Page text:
Glass Futures Industrial Fuel Switching Phase 3 programme ignites first furnace

Kris Milkowski from TERC wears a hard hat and works at a laptop inside a building with lots of metal pipework

Research trials into low carbon alternative fuels for glass furnaces are currently ongoing as part of Glass Futures’ Government funded Industrial Fuel Switching Phase 3 programme. The Translational Energy Research Centre research team, including technicians and research associates, have been working with Glass Futures to carry out vital experimental design and process work.

Glass Futures, a not-for-profit research and technology organisation was awarded a £7.1m contract in 2020 by The Department of Business, Energy and Industrial Strategy’s (BEIS) Energy Innovation Programme to research and deliver new energy sources to the glass industry.

This work involves test firing hydrogen and bio-fuels in a scale model glass furnace at temperatures in excess of 1500 °C, simulating real world firing conditions for alternative fuels. The project is also evaluating the associated technical, economic, and environmental aspects of fuels.

The project will undertake a series of trials to investigate these low carbon fuel scenarios for use across the glass sector, culminating in industrial-scale biofuel trials on commercial container and float lines. This project includes an industrial biofuel trial on a full-scale commercial line as well as a lab scale hydrogen demonstration. The project encompasses a wide range of industrial and academic partners and the final report for this work is due to be published by BEIS in summer 2022.

The strategy announces an extra £500 million towards innovation projects, bringing the total funding for net-zero research and innovation to at least £1.5 billion to support technologies that decarbonise glass and other industries.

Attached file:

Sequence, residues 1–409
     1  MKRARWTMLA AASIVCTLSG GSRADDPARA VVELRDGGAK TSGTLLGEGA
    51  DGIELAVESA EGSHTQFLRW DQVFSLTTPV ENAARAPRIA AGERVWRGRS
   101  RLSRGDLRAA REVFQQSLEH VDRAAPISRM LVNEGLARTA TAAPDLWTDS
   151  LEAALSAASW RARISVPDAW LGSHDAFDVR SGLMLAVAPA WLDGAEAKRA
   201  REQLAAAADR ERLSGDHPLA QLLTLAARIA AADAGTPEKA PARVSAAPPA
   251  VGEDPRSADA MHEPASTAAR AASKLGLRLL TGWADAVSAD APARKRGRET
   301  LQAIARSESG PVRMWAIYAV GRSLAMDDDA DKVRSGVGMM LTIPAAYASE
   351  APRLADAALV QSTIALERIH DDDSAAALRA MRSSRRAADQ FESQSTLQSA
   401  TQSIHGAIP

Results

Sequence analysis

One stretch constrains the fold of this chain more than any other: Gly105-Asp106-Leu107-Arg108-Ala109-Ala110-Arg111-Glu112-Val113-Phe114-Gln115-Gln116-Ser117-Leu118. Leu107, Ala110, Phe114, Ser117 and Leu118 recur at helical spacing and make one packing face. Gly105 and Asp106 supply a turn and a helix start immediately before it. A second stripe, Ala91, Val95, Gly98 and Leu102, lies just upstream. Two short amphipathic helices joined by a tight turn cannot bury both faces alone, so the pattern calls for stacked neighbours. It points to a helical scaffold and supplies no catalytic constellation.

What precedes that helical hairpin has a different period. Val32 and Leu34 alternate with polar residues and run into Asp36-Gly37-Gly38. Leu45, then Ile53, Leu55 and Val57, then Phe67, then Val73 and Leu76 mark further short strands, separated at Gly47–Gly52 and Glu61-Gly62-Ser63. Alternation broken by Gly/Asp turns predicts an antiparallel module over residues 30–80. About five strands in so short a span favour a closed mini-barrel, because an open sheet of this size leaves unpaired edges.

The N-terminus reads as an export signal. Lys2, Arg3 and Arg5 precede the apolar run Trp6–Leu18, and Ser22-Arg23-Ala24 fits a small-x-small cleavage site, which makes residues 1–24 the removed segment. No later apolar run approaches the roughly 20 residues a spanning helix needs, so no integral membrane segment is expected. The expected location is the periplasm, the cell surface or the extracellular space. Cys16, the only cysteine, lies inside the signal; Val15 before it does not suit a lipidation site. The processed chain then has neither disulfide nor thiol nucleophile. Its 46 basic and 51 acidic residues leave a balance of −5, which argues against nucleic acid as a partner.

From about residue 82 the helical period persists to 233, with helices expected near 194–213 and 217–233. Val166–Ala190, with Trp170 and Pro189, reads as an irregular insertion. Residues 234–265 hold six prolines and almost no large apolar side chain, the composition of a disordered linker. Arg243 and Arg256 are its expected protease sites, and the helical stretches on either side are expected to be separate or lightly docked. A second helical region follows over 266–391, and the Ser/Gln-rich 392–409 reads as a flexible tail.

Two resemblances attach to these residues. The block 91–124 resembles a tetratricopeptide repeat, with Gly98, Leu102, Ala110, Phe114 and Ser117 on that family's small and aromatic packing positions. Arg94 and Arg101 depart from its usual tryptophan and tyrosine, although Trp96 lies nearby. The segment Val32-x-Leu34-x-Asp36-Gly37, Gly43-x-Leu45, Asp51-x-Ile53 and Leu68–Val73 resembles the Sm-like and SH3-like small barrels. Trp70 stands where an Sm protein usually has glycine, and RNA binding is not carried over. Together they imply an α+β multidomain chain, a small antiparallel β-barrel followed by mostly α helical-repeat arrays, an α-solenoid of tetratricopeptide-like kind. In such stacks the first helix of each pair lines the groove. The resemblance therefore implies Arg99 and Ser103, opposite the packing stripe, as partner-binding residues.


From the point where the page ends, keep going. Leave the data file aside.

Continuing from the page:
In last January as part of this revolutionary project, glass container manufacturer, Encirc (a Vidrala company), and Glass Futures demonstrated that new bottles can be made from 100% recycled glass, using only the energy from burning ultra-low-carbon bio-fuels, achieving a 90% reduction in carbon footprint.

Energy & Climate Change Minister Greg Hands said: “These fuel switching trials, backed by over £7 million in government funding, demonstrate how we are supporting industry to decarbonise and move away from relying on fossil fuels. This is vital to reducing emissions and driving forward the UK’s green industrial revolution.”

Professor Mohamed Pourkashanian from the University of Sheffield said: “Working to understand how best to manufacture glass through a clean and sustainable process is a vital part of the drive to reach net-zero, for both industries and consumers.

“We are excited to be able to share our expertise in hydrogen, biofuels and modelling and simulation to facilitate this innovative research, which is allowing for further significant steps towards the decarbonisation of the glass sector.”

Dr Palma González García, Industrial Fuel Switching Innovation and Programme Manager commented: “It was exhilarating igniting the furnace for the first time and this marks an important first step in a series of trials to assess the potential of low-carbon fuel technologies to decarbonise the glass industry in accordance with the Government’s net-zero target by 2050.

“As many furnaces due to be installed in the coming years will be expected to run for up to 20
years, new low carbon fuel technologies need to be proven technically and economically as soon as possible if the global glass sector is to fully decarbonise by 2050.”

mohamed pourkashanian stands next to a large mcfc on a pallet